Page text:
This work involved collaboration with investigators at the Robert Wood Johnson Medical School, of the University of Medicine and Dentistry of New Jersey, and was led by Dr. Paola Leone and a group of 16 investigators and surgeons.
The children have Canavan disease, characterized by spongy degeneration of the brain's white matter. The disease affects the growth of the fatty myelin sheath insulating nerve fibers.
Canavan disease symptoms appear in early infancy and progress rapidly. These may include mental retardation, loss of previously acquired motor skills, feeding difficulties, abnormal muscle tone (floppiness or stiffness), poor head control and megalocephaly (abnormally enlarged head). Paralysis, blindness or hearing loss also may occur.
There is no cure for Canavan disease or a standard course of treatment other than symptomatic and supportive. Prognosis is poor; victims usually die before age 10.
"Children with Canavan disease have a mutation in one of their genes, causing a deficiency of an enzyme responsible for removing cellular waste," said Dr. R. Jude Samulski, professor of pharmacology at UNC's School of Medicine and director of the Gene Therapy Center. "In this disease, waste product builds up, causing brain cells to die."
Absolutely nothing can be done to prevent disease progression, said Samulski, which is why the objective was to place a gene into the brain that would express the missing enzyme.
The therapy received by the children uses a genetically altered adeno-associated virus, or AAV, to deliver genes into the body. Samulski, a pioneer in AAV research, said he chose to study and develop altered AAV for several reasons, including its potential for fewer toxic effects than that of many other viruses studied for use in gene therapy.
Moreover, a gene delivered via AAV remains active in cells for months or even years.
This is the first time the FDA has approved the clinical use of an AAV vector product for gene therapy produced by a U.S. academic institution.
The children who received the gene therapy are between ages 4 and 6, and the procedure was conducted recently at the Robert Wood Johnson Medical School. Surgeons drilled a series of six holes in the skull through which the virus and its gene payload was infused directly into various brain sites.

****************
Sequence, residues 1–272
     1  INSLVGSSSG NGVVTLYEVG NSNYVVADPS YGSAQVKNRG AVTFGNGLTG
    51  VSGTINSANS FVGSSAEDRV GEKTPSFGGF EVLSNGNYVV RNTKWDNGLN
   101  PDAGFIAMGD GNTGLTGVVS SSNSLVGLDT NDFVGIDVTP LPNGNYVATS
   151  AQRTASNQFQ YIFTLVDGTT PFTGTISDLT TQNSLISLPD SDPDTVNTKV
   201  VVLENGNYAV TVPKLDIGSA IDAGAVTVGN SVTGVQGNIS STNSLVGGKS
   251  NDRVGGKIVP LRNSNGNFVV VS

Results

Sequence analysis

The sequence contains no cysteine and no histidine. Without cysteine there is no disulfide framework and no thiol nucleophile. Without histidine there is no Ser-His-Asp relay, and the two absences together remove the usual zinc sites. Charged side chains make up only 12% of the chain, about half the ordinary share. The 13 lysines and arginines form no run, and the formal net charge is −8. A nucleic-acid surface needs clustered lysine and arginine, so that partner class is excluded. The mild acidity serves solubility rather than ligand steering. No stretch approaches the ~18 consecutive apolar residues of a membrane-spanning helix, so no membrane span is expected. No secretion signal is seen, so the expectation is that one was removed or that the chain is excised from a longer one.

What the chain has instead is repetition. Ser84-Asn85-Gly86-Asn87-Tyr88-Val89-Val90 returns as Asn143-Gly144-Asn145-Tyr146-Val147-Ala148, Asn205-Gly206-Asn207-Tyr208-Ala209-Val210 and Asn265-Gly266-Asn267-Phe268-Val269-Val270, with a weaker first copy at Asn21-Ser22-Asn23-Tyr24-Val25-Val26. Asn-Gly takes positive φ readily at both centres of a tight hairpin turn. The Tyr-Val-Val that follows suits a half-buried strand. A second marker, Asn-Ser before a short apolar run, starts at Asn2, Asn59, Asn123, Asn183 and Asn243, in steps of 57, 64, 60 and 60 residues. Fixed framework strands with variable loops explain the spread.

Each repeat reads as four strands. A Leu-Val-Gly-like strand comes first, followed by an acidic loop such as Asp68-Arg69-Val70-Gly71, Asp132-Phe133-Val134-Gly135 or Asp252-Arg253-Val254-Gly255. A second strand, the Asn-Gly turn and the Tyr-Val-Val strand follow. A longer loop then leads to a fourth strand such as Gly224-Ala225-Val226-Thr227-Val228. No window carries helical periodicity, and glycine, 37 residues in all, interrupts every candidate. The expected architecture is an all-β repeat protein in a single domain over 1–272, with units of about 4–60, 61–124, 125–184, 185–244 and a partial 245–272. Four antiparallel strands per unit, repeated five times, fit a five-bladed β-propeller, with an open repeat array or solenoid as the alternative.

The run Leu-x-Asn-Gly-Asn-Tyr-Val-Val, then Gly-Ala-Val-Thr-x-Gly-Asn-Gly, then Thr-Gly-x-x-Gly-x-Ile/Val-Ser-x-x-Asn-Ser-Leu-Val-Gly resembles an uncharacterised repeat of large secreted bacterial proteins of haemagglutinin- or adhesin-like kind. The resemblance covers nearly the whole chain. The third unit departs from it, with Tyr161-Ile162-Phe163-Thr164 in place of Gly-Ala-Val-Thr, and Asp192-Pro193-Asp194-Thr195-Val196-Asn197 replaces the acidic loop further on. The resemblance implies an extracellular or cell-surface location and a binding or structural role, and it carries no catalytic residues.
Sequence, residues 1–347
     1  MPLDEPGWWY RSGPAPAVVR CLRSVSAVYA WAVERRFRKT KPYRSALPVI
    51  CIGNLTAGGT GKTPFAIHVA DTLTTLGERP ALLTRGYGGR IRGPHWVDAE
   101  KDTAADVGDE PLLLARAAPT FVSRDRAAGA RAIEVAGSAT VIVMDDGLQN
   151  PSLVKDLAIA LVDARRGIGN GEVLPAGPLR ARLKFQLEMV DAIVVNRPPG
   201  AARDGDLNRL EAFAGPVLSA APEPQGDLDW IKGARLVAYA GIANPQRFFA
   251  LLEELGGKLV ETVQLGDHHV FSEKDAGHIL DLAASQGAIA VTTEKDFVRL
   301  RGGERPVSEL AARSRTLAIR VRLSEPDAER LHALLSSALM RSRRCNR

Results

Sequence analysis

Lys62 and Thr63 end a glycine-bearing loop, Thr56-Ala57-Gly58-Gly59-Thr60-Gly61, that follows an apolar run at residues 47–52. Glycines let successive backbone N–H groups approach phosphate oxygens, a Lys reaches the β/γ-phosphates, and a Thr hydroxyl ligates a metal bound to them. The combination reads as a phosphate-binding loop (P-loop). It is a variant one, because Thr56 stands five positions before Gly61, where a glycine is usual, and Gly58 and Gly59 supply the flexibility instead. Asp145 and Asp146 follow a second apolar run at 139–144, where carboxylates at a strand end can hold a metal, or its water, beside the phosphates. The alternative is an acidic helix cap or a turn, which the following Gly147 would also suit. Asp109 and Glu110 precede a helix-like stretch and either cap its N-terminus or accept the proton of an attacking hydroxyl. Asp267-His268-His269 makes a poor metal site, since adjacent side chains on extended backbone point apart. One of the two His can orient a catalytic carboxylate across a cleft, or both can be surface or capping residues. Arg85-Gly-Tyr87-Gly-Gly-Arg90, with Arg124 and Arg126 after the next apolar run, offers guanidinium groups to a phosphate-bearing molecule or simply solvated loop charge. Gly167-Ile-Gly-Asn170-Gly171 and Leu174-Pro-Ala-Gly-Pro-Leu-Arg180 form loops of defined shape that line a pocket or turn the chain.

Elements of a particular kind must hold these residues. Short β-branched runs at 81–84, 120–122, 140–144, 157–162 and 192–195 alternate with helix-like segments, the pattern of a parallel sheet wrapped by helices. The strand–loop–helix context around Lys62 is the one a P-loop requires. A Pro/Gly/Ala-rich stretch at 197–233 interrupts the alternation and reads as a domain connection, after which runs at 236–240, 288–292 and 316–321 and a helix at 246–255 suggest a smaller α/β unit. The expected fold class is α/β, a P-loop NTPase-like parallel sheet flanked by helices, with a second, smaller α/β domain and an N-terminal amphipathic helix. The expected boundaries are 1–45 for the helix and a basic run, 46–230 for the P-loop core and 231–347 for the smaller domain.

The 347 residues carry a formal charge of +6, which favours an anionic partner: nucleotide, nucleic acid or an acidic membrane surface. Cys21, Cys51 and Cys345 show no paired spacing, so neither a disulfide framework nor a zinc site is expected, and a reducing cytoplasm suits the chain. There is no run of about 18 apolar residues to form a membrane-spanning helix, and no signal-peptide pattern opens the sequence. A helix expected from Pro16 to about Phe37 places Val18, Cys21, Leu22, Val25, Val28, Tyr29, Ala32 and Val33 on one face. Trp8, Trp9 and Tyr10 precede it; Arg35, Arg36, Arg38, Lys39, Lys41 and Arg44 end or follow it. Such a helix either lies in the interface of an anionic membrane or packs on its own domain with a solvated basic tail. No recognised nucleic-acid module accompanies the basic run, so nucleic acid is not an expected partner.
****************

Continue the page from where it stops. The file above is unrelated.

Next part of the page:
Recovery from the surgery is rapid and does not require lengthy hospitalization, Samulski said. The children return home within a few days.
When infused into the brain, AAV begins to "infect" neuronal cells via molecular doorways on the surface. "The AAV vector then begins delivering the gene, and that genetic information gets 'read' as part of the normal genes in the cell," Samulski said.
"We're essentially replacing the function of the mutated gene. That gene is still at its original chromosome location in the nucleus. What we're introducing is not in the chromosome but attached to the nucleus of the cell. So we're delivering extra-chromosomal DNA that has all the 'start' and 'stop' signatures and other information the cell needs to make the appropriate protein; in this case, the missing enzyme." While a cure is highly unlikely, researchers hope disease progression can be slowed, if not halted. Two weeks following surgery, the children are given a battery of tests, including nuclear magnetic resonance imaging, or NMR. The first NMR study will mainly look for safety endpoints, including tissue damage after surgery.
"At three months onward NMR imaging and NMR spectroscopy studies will provide information regarding elevated levels of an enzyme substrate associated with cellular waste product and brain myelination patterns," Samulski said. "Decline of the substrate indicates that the virus is working and the gene is expressing and starting to break down the waste product," Samulski said.
More subjective signs of progress over time include weight gain. In addition, on a cognitive level, parents may notice an increased ability to respond to demands.
"In this clinical trial, for these children, we're hoping to halt further deterioration. It's not likely we can regenerate new brain tissue," Samulski said. He added that any indication of progress would provide increased impetus to treating normal infants shown by screening tests to likely develop the disease.
Molecular studies in Samulski's laboratory using animal models are aimed at improving vector systems for delivering gene therapy. One goal is to achieve global distribution of the virus to brain tissue.
"We're optimistic that our next generation of vectors will safely bring to patients something well beyond marginal improvement," he said. "One can't underestimate the importance of understanding the basic science first before moving into the clinical setting."
Key to gene therapy vector research at UNC is the Human Applications Laboratory, or HAL. Located in the General Clinical Research Center at UNC Hospitals, this 1,400-square-foot facility was designed for production of various biological reagents, including viral vectors, that may be required for phase I (safety and efficacy) clinical trials.
The facility meets FDA requirements for germ-free processing. Viral vectors and their components are generated at high purity and concentration levels.
By LESLIE H. LANG
UNC School of Medicine